During the Michigan trip and national events, the relationship with Dr. King and President Reuther grew. It was Reuther that was one of only a few labor leaders at the side of Dr. King for the Marches of Detroit, DC and even the March for the funeral services for Reverend James Reeb. As most know, he was the minister that was killed for his support of African Americans’ right to vote following the first attempt to cross the Edmund Pettus Bridge. Reuther even provided the cash bond for Dr. King’s release from a Birmingham jail. Additionally, Dr. King was provided office space at the UAW’s Solidarity House (headquarters) in Detroit where he drafted the I Have a Dream Speech while preparing for the Walk of Freedom March.

Those are examples of a life of civil rights legacy and labor!

The visions of marches and historical legacy are clear reminders of the past, but I question you – who continues the work?

1963 – Dr. King said, “There are more negroes in jail with me than there are on the voting rolls.” It has taken Amendment 4 – Voter Restoration in Florida – 55+ years to begin to reverse that issue.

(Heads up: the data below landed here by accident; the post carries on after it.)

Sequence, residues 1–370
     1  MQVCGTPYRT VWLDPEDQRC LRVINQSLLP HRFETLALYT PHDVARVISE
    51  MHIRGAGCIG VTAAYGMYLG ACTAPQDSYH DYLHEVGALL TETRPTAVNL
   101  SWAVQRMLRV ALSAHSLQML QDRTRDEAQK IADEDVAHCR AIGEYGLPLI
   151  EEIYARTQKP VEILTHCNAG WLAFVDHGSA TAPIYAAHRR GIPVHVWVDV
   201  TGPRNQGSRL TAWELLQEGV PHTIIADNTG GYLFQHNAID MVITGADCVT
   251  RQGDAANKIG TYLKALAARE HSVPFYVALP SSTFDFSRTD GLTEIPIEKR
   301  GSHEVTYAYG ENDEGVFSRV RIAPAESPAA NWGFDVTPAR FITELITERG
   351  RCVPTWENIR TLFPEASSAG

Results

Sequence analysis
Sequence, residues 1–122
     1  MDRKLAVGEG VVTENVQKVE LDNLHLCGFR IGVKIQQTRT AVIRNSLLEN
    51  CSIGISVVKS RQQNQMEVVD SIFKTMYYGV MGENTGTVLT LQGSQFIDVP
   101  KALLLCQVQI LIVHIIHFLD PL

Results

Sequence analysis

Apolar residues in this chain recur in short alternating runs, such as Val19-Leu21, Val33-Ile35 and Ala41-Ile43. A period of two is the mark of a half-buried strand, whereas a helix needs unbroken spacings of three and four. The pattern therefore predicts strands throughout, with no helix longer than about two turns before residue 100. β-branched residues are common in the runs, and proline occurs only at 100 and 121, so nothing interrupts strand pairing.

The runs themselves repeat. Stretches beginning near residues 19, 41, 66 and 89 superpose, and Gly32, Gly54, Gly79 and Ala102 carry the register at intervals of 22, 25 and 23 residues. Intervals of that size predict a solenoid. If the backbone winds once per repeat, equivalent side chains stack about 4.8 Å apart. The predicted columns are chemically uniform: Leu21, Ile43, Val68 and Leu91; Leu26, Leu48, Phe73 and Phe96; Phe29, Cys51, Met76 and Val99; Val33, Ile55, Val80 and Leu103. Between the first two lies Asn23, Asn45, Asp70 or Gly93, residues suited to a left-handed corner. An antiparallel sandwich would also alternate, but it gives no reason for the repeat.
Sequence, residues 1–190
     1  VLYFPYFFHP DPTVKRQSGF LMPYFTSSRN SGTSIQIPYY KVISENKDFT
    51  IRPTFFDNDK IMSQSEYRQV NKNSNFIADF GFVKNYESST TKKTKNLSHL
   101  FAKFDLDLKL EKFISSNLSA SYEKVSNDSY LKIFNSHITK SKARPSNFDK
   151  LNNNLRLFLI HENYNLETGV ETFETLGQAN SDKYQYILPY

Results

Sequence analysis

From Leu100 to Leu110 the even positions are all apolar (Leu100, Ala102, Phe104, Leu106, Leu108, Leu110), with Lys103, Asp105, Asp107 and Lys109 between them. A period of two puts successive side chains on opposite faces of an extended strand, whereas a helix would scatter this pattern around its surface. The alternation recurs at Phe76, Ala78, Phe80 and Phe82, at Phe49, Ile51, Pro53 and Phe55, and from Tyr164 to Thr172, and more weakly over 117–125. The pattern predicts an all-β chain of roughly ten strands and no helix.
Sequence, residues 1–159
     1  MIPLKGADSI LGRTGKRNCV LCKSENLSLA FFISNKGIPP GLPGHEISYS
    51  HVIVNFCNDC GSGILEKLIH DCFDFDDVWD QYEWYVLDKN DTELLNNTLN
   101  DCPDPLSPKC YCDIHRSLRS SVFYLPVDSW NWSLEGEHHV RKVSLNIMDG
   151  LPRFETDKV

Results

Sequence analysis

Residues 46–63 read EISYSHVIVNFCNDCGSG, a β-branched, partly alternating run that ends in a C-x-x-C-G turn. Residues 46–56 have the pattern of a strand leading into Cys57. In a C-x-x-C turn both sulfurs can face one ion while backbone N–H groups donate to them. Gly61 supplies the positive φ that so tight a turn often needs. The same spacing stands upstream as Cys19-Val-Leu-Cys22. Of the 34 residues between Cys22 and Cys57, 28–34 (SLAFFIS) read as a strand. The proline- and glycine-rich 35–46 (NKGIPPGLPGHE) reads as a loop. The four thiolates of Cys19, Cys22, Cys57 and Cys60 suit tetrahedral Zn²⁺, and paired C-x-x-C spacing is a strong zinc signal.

We have watched years of the past where poll taxes and the ability to read and write block efforts to vote only today to allow candidates to be elected because we failed to vote by early voting, absentee, or on Election Day because we failed to take the time.

This quote should make many here think today.

President Johnson’s high spirits were marked as he circulated among the many guests who he had invited to witness an event he confidently felt to be historic – the signing of the 1965 Voting Rights Act. “The bill lay on the polished mahogany desk was born in violence in Selma, Alabama where a stubborn sheriff. . .had stumbled against the future.”

A quote from 1965 that still resonates in 2019 with those who still teach and practice hate and division. We still have those Selma sheriffs. They are beside us in our workplace, communities, and more places only to impede the dream.

Though we have become experts in technology of computers, iPhones, Facetime and more, have we utilized those opportunities to advance the dream and the March or is it just history?